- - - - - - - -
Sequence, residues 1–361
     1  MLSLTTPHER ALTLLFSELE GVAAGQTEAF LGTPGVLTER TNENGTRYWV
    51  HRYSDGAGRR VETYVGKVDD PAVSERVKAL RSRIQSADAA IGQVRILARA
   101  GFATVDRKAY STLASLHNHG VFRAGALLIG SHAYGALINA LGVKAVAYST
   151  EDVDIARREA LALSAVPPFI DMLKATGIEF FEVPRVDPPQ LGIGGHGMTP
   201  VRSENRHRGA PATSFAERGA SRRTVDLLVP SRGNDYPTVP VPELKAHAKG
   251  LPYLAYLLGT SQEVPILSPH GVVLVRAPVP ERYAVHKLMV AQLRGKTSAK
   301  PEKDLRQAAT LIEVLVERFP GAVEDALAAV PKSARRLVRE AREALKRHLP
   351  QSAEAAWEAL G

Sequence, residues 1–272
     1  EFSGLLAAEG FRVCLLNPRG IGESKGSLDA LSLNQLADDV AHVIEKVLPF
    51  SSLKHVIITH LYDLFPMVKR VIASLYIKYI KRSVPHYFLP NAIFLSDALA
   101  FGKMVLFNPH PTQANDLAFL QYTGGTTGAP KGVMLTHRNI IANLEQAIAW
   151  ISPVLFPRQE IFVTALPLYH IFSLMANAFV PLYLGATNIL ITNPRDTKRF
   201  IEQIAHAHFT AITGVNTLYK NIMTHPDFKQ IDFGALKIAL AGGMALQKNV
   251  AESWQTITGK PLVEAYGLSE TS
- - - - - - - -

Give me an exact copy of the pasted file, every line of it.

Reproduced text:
Sequence, residues 1–361
     1  MLSLTTPHER ALTLLFSELE GVAAGQTEAF LGTPGVLTER TNENGTRYWV
    51  HRYSDGAGRR VETYVGKVDD PAVSERVKAL RSRIQSADAA IGQVRILARA
   101  GFATVDRKAY STLASLHNHG VFRAGALLIG SHAYGALINA LGVKAVAYST
   151  EDVDIARREA LALSAVPPFI DMLKATGIEF FEVPRVDPPQ LGIGGHGMTP
   201  VRSENRHRGA PATSFAERGA SRRTVDLLVP SRGNDYPTVP VPELKAHAKG
   251  LPYLAYLLGT SQEVPILSPH GVVLVRAPVP ERYAVHKLMV AQLRGKTSAK
   301  PEKDLRQAAT LIEVLVERFP GAVEDALAAV PKSARRLVRE AREALKRHLP
   351  QSAEAAWEAL G

Sequence, residues 1–272
     1  EFSGLLAAEG FRVCLLNPRG IGESKGSLDA LSLNQLADDV AHVIEKVLPF
    51  SSLKHVIITH LYDLFPMVKR VIASLYIKYI KRSVPHYFLP NAIFLSDALA
   101  FGKMVLFNPH PTQANDLAFL QYTGGTTGAP KGVMLTHRNI IANLEQAIAW
   151  ISPVLFPRQE IFVTALPLYH IFSLMANAFV PLYLGATNIL ITNPRDTKRF
   201  IEQIAHAHFT AITGVNTLYK NIMTHPDFKQ IDFGALKIAL AGGMALQKNV
   251  AESWQTITGK PLVEAYGLSE TS